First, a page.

Life is indeed a stitch!
Berryhill Heirlooms and Susie Gay present techniques, heirloom sewing, hand embroidery and other musings. Come and join in the fun with Susie, a Home Economist, and savor a little rest from your hectic day...and yes, it's a Degree she uses every day!

Wednesday, May 6, 2015

Pattern Weights

Every now and then I get a little nerdy....well, maybe more than that.

Sewing girls just want to have fun and that includes making something out of the ordinary, something just plain fun to do and totally different from fine, detailed sewing and stitching. And I get a kick out of making something out of scraps and relatively nothing. So, enter the Pattern Weight. I was fortunate to observe one of the ladies at my recent Workshop for the Seaside Smockers (a Smocking Arts Guild of America guild) in Virginia Beach. She laid out these pretty pattern weights to hold the paper pattern onto the silk for the Purse Reticule Outside Cover pattern piece. They immediately caught my eye because each was in a different color and my little antennae went up thinking "I could make cute!". Now this isn't knocking pins. Pins are absolutely essential for laying out a pattern onto fabric, especially for a complicated pattern with lots of little pieces. And I have all kinds of pins. But every now and then pattern weights are a quick, easy and efficient way to lay out a pattern and cut it out. So off I went to the big box hardware store to find big, heavy metal washers....

I found the washers in the hardware aisle in bins. They're big, rough and heavy. Definitely have to be covered with fabric to keep the roughness from snagging delicate fabrics!
This is what they look like. They were the biggest ones I could find and are approximately 1 3/4 inches wide. The price was right at $0.46 each. This one was the smoothest one of the bunch. They're heavy enough for patterns and light weight fabric but you could easily double or triple them up to make a heavier single weight. And what's not to like about the price? Then I headed home to sort through my bias tape bag...

I knew I wanted different colors of tape so I gathered my supplies: weights, my bobbin box filled with different colors of thread for the tapes, scissors, and of course a needle from somewhere.

The best bias tape (holds the curves well) to use is the 1/2 inch wide SINGLE fold. Double fold is too thick and won't hug the curves well. Plain ribbon would not work since it has no real bias. If you have 1/4 inch double fold you can press it open to make the 1/2 inch single fold tape as in the photo to the right.  Thirty inches of bias tape is a good length for a single weight. Add more tape if the weights are doubled or tripled.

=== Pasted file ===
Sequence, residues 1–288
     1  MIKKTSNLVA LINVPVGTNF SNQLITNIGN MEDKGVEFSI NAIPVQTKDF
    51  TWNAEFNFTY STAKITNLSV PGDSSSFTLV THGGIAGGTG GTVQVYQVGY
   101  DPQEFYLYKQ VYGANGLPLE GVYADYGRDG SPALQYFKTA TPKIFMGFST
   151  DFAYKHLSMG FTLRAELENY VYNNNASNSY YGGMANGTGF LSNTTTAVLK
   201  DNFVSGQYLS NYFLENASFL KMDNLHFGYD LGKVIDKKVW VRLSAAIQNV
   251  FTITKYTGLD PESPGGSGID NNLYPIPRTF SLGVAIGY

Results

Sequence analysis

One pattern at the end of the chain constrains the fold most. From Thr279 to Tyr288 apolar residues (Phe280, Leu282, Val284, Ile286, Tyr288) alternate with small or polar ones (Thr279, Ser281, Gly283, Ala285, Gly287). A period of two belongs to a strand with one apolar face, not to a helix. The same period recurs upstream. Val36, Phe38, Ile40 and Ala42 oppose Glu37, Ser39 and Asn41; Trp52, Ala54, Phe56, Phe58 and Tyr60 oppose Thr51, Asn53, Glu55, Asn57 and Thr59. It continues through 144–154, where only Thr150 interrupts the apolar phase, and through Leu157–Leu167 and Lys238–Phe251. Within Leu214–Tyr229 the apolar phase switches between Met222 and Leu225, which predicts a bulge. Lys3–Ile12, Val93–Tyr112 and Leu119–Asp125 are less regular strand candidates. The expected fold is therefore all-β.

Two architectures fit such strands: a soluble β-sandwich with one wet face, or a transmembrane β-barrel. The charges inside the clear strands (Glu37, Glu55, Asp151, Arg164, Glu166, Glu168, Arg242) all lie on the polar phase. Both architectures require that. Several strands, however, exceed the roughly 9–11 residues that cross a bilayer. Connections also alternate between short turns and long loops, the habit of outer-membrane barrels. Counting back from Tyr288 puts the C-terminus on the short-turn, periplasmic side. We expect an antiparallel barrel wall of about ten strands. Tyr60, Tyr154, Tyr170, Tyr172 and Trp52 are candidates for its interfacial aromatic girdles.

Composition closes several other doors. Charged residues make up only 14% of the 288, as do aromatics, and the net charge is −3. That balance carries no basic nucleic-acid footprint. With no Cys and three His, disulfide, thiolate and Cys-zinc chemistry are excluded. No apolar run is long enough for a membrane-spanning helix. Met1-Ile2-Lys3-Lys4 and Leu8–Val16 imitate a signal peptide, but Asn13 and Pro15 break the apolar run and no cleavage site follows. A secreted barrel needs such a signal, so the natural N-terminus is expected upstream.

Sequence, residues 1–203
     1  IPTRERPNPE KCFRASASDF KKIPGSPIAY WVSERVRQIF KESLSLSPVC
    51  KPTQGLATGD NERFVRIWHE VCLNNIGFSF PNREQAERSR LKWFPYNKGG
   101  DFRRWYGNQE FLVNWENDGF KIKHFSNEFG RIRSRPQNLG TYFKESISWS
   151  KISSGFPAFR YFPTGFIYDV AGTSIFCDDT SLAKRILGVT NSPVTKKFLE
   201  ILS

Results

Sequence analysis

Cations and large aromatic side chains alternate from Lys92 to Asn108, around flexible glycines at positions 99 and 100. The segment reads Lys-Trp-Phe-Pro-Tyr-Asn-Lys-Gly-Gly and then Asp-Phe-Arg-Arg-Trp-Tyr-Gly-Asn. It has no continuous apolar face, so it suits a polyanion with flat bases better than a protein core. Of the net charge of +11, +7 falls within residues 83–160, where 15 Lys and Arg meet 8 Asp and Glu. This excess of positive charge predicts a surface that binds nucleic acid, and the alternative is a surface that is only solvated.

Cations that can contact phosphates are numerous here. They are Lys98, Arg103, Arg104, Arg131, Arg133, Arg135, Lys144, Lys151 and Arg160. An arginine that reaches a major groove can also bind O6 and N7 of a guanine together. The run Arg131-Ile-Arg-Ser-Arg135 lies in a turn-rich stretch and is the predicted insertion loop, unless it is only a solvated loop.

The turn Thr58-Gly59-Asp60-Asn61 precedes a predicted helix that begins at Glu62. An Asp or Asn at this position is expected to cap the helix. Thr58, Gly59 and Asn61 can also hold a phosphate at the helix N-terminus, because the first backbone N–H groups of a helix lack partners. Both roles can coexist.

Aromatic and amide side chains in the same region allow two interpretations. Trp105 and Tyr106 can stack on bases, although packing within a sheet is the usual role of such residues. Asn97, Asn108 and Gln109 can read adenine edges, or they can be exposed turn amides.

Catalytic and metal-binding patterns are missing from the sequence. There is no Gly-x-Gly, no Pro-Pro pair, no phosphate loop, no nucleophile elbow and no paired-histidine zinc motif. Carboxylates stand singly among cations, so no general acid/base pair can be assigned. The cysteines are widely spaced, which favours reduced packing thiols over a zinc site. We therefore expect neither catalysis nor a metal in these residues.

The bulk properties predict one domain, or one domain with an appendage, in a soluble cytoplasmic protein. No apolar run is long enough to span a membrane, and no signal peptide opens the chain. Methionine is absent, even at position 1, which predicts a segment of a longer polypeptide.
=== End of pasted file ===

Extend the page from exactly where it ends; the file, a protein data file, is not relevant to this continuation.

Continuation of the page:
Next I selected several colors from my bias tape bag which revealed lots of choices from old projects, packages of tape from thrift stores, my mother's old sewing box assortment. I enjoy recycling those bits and pieces. I even had some bias strips that I could make into bias tape with my handy, dandy tape maker. This little gadget, available from fabric and notions stores in three different sizes, makes tape really easily. First cut your bias fabric strips the width recommended from your tape maker instructions. In this case it's 1" wide for 1/2" wide single fold tape.
I fed the bias into the tape maker with the wrong side up until it comes out the small end. The handle should be above the gadget. Then I pinned the end coming out of the tape maker to my ironing board and started sliding the tape maker to my left (I'm right handed). I slide the tape maker to the left and gently follow the folded bias coming out of the small end with the iron and Voila! I have single fold bias tape. Great little gadget!

The next gadget was a bodkin. I call it a Pincher Bodkin because of the way it works. One that would hold the fabric well so I could use it to thread the tape through the donut hole easily and quickly instead of using my fingers. This one pinches the fabric and is best used for wider casings, but it's perfect for this job, too.
I just grabbed and pinched one tape end and slid the little ring down towards the end to tighten the hold on the fabric and I was ready to go.

Then I wrapped a piece of the 30" of tape around the weight and held it with my fingers and started wrapping.

The wrap overlap is best if it's 1/2 the width of the tape.

When I covered the entire weight with fabric I trimmed the leftover bit at the outside edge of the weight which gives just enough fabric to turn under and stitch.

I turned the ends under to make a little point (but you could just make it straight) and stitched the ends down. You could even glue the ends down. I did find that stitching the ends down was a little awkward because of the angle, but it's just a weight and I'm not too concerned about precise stitching.

And here's the result of a couple of hours of fun.  Aren't these lovely? So functional, so colorful and a great way to use up scraps of bias and tape to make something sew useful! Why don't you make some for yourself, or a friend, and use up those bits and pieces of bias tape?


  1. I did this using leftover yarns. It occupies the hands while watching tv and keeps you from eating! A set of weights makes a great gift for sewing friends!
    Make sure you first wash the weights and dry completely. The weights at our store were a little oily. RSmith


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